Skip to comments.GLOBAL WARMING BOMBSHELL: Hockeystick Broken
Posted on 01/13/2005 4:20:13 PM PST by neverdem
A prime piece of evidence linking human activity to climate change turns out to be an artifact of poor mathematics.
Progress in science is sometimes made by great discoveries. But science also advances when we learn that something we believed to be true isn't. When solving a jigsaw puzzle, the solution can sometimes be stymied by the fact that a wrong piece has been wedged in a key place.
In the scientific and political debate over global warming, the latest wrong piece may be the "hockey stick," the famous plot (prominently displayed by the IPCC report, 2001), published by University of Massachusetts geoscientist Michael Mann and colleagues. This plot purports to show that we are now experiencing the warmest climate in a millennium, and that the earth, after remaining cool for centuries during the medieval era, suddenly began to heat up about 100 years ago--just at the time that the burning of coal and oil led to an increase in atmospheric levels of carbon dioxide.
I talked about this at length in my December 2003 column. Unfortunately, discussion of this plot has been so polluted by political and activist frenzy that it is hard to dig into it to reach the science. My earlier column was largely a plea to let science proceed unmolested. Unfortunately, the very importance of the issue has made careful science difficult to pursue.
But now a shock: independent Canadian scientists Stephen McIntyre and Ross McKitrick have uncovered a fundamental mathematical flaw in the computer program that was used to produce the hockey stick. In his original publications of the stick, Mann purported to use a standard method known as principal component analysis, or PCA, to find the dominant features in a set of more than 70 different climate records.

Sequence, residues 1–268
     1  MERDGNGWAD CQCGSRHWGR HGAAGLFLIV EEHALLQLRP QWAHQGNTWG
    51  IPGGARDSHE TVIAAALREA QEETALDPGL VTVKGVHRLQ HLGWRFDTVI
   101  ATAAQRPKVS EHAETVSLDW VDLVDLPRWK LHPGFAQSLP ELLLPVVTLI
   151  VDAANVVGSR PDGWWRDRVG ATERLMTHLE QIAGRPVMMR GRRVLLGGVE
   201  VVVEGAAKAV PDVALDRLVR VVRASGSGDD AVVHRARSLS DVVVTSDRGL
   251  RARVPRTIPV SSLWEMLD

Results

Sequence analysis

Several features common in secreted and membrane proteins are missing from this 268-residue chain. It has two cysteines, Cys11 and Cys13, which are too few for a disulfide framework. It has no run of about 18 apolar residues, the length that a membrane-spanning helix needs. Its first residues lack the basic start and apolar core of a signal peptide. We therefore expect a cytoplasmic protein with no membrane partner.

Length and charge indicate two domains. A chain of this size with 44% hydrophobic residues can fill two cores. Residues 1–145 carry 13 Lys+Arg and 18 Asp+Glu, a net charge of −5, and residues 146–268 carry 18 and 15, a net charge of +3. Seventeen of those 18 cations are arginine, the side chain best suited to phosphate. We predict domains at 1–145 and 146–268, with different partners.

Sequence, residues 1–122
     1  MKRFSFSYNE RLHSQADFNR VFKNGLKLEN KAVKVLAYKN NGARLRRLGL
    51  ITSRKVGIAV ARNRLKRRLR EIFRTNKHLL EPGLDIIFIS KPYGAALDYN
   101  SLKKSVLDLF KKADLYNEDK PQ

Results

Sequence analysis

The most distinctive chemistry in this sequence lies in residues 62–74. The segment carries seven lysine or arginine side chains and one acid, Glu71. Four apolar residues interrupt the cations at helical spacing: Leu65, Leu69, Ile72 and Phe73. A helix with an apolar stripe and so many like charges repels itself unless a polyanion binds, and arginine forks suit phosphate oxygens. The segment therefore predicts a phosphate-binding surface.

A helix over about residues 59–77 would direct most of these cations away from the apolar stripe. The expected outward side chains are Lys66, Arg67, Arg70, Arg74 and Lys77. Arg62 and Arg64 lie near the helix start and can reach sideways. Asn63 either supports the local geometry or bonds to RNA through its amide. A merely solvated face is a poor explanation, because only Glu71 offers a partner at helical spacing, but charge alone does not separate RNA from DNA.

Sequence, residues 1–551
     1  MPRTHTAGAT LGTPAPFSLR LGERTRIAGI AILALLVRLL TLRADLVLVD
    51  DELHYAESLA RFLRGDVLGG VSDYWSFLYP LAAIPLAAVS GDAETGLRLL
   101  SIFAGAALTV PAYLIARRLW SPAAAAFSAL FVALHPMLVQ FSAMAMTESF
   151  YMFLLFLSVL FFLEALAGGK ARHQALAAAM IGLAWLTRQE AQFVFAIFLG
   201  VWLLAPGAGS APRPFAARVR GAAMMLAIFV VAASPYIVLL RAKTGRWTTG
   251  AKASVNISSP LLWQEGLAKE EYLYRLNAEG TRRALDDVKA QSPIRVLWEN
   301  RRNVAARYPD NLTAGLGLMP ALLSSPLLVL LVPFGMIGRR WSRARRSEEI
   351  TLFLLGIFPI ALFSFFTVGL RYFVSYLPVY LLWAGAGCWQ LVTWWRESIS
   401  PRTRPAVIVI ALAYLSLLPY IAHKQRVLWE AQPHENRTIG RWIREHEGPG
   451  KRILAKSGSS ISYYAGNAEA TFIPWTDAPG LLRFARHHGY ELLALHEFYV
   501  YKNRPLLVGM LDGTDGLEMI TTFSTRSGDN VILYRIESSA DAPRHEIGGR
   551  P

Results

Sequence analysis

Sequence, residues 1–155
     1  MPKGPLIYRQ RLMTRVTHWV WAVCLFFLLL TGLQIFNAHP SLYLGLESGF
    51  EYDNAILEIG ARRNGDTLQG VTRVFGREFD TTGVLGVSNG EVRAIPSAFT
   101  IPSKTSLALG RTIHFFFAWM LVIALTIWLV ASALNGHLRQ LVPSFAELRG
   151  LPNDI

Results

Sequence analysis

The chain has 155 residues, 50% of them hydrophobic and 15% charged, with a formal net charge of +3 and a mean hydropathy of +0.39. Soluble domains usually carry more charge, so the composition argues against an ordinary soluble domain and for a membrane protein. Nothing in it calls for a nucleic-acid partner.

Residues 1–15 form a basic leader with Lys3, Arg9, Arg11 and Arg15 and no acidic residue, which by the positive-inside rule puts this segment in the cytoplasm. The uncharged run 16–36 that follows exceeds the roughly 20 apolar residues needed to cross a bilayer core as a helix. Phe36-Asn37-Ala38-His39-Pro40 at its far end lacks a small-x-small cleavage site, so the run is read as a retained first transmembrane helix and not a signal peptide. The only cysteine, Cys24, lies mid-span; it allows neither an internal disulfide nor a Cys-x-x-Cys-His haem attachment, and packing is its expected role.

But it wasn't so. McIntyre and McKitrick obtained part of the program that Mann used, and they found serious problems. Not only does the program not do conventional PCA, but also it handles data normalization in a way that can only be described as mistaken.
Now comes the real shocker. This improper normalization procedure tends to emphasize any data that do have the hockey stick shape, and to suppress all data that do not. To demonstrate this effect, McIntyre and McKitrick created some meaningless test data that had, on average, no trends. This method of generating random data is called "Monte Carlo" analysis, after the famous casino, and it is widely used in statistical analysis to test procedures. When McIntyre and McKitrick fed these random data into the Mann procedure, out popped a hockey stick shape!
That discovery hit me like a bombshell, and I suspect it is having the same effect on many others. Suddenly the hockey stick, the poster-child of the global warming community, turns out to be an artifact of poor mathematics. How could it happen? What is going on? Let me digress into a short technical discussion of how this incredible error took place.